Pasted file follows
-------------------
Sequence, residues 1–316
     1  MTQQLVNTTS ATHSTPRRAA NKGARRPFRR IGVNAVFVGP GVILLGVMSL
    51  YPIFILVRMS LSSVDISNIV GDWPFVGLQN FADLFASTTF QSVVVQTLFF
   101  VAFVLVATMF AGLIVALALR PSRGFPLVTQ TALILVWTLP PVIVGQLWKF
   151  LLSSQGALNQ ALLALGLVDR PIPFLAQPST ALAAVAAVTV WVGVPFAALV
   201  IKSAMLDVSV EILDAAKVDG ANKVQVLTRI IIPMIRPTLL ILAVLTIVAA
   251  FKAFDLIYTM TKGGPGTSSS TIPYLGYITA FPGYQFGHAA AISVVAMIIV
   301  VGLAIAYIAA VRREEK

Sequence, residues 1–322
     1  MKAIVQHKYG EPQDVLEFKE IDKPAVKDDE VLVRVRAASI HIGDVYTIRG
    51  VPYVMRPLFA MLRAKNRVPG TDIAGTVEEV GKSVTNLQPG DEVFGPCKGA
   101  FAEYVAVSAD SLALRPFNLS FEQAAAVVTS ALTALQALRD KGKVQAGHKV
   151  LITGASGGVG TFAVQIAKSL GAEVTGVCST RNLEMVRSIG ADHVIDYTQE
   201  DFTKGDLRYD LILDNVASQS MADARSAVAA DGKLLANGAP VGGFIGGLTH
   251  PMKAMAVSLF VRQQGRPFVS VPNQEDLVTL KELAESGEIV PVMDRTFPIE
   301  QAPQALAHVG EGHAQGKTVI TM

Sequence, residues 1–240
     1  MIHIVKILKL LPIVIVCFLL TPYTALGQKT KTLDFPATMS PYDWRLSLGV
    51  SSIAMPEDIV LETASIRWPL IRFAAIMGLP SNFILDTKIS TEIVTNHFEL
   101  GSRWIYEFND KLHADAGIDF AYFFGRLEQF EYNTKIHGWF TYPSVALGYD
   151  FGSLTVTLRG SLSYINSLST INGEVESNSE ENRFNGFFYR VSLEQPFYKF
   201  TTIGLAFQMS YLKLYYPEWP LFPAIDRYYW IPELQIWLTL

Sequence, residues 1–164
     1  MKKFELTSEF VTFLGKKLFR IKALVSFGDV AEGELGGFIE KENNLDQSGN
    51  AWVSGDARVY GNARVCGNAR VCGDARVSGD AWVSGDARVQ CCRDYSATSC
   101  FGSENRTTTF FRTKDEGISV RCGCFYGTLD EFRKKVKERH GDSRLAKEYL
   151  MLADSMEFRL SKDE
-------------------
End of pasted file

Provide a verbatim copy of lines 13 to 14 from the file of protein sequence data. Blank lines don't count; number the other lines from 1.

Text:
   151  LITGASGGVG TFAVQIAKSL GAEVTGVCST RNLEMVRSIG ADHVIDYTQE
   201  DFTKGDLRYD LILDNVASQS MADARSAVAA DGKLLANGAP VGGFIGGLTH